Cameroon set to Rebuild Destroyed Anglophone Region, amidst Continuous Burnings and Mass Killings

The Cameroon government has begun sensitizing the populations of the troubled once independent state of Southern Cameroons to the need for the reconstruction of the region that continues to be ravaged by a war of independence now in its fourth year.

 

Paul Tasong, Coordinator of the Presidential Plan for the Reconstruction of the restive region is in one of the main cities, Bamenda at the start of a “12-day Awareness and Sensitization Mission” to drum up support for the reconstruction effort.

 

He plans to meet with local elite, administrative authorities, religious leaders, the business community as well as civil society representatives with the aim of defining the contours of governments reconstruction initiative which intends to boost morale and restore hope to the families of the victims and to the populations of the region, bruised by a crisis that has lasted for more than three years.

 

“We want to make sure that the people own the projects,” the deputy coordinator of the Reconstruction Plan, Donatus Njong told Timescape Magazine.

 

“We are looking forward to rehabilitating some three hundred and fifty schools, one hundred and fifty-five health centres, forty bridges, four hundred water points, five hundred kilometres of low tension power lines, six hundred kilometres of rural roads, forty-five markets, twelve thousand private houses to name but these,” Mr. Tasong said.

 

But starting a rebuilding process without a return to peace has been heavily criticized by many-even by apologists of the Biya government.

 

Even as he welcomed the need for rebuilding the damaged infrastructure, the Mayor of Oku in Bui (a supporter of President Paul Biya’s CPDM Party), in the territory of the once independent state of Southern Cameroons, Jerome Ngum  Njioh wonders how the reconstruction can take place without a restoration of peace.

 

“I know of a school in Kumbo that was built to lintel level but was once more destroyed by those separatists. So, if we begin reconstruction work without peace, I think those boys (meaning separatist fighters) will still destroy. I believe the fighting has to stop before any effort at rebuilding.”

 

It is a well-founded fear. Already, a separatist leader, Cho Ayaba of the Ambazonia Governing Council (AGOVC) has called on his fighters on the ground to enforce a four-day lockdown in attempts to disrupt the reconstruction plan. His call is in unison with other calls made by leaders of the two factions of the Ambazonia interim government and the Cameroon Anglophone Civil Society Consortium (recently renamed Southern Cameroons Civil Society Consortium) CACSC on the people of the region to stay indoors for four days, deserting the streets and markets to protest visits.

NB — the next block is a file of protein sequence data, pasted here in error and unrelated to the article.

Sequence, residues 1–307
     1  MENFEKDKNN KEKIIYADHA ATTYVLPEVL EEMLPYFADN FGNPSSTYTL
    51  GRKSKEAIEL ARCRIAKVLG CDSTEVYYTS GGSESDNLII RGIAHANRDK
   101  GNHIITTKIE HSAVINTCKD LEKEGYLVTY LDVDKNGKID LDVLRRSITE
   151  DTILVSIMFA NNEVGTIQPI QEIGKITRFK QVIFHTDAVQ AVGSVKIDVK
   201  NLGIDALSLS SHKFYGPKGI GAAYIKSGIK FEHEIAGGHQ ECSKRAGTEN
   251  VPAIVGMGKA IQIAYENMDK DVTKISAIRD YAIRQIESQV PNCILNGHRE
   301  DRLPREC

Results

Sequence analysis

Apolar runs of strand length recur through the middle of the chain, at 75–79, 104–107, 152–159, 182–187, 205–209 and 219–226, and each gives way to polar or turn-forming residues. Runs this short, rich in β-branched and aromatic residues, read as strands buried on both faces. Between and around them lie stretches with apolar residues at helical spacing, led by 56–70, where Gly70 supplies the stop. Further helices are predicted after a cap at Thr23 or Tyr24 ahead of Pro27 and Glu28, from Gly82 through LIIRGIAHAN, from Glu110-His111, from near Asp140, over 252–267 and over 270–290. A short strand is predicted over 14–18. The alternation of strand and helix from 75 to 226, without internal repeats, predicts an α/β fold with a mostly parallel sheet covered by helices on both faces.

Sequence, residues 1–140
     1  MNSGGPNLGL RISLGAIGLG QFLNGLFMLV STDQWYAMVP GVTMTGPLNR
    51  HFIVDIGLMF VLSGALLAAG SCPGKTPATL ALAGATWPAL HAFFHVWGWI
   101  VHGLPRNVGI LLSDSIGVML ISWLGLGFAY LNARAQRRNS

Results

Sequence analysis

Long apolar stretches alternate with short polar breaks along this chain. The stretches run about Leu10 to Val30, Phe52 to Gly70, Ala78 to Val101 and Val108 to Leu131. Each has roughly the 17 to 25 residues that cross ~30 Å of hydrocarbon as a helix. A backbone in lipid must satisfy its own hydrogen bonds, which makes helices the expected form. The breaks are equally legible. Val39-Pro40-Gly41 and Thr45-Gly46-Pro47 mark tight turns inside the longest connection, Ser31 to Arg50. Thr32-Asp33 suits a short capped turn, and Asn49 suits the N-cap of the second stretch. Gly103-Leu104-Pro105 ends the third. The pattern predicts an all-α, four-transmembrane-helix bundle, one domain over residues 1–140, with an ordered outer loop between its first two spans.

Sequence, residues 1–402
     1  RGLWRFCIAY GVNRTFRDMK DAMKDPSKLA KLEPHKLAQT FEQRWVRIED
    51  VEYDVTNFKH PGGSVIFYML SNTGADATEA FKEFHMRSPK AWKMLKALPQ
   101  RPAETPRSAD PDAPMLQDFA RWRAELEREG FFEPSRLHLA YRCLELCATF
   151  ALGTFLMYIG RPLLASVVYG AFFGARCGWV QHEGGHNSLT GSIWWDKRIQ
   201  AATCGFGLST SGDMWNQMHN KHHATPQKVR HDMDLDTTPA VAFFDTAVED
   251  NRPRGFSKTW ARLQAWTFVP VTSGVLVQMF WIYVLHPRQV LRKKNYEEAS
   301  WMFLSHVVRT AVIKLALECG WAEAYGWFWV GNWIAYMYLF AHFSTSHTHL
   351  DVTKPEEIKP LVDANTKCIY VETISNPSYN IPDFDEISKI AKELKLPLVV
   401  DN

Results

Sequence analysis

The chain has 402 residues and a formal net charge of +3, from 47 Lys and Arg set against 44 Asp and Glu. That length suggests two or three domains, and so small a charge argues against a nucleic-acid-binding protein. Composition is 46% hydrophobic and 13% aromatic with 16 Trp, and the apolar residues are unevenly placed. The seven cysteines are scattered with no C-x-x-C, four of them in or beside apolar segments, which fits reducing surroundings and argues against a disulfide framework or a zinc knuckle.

Commercial Avenue, Bamenda's main Commercial Street on June 23

 

Gunshots have reportedly been heard in several parts of Bamenda Tuesday June 23 as Mr. Tasong’s delegation attempts to move around and hold meetings. In Kumbo reports indicate the military has organized raids to cart people forcefully to specific areas to meet with delegation members.

 

A resident of Kumbo told Timescape Magazine moments ago that: “There is ongoing massive arrest of civilians and health workers in the Banso Baptist Hospital and Mbve to force them attend the reconstruction and development meeting imposed by the Biya regime. They are in at least four armored cars and many trucks ready to ferry them and extort money from them as well”.

 

Deserted Streets in deeper neighbourhoods of Bamenda June 23

 

The separatist uprising in the once independent state of Southern Cameroons has left over 12000 people dead and nearly 1.5 million others forced from their homes, according to multiple sources.

 

The crisis erupted in 2016 when Anglophone teachers and lawyers took to the streets to protest the use of French in Anglophone schools and common Law courts, under the banner of the Cameroon Anglophone Civil Society Consortium (recently renamed Southern Cameroons Civil Society Consortium), CACSC.

 

The government took a hardline and outlawed the CACSC, arrested some of its leaders and forced the others to flee into exile, and the corporate demands morphed into political demands, with many English speakers saying they want to break away, restore the independence of the once independent state of Southern Cameroons and then to rename it Ambazonia.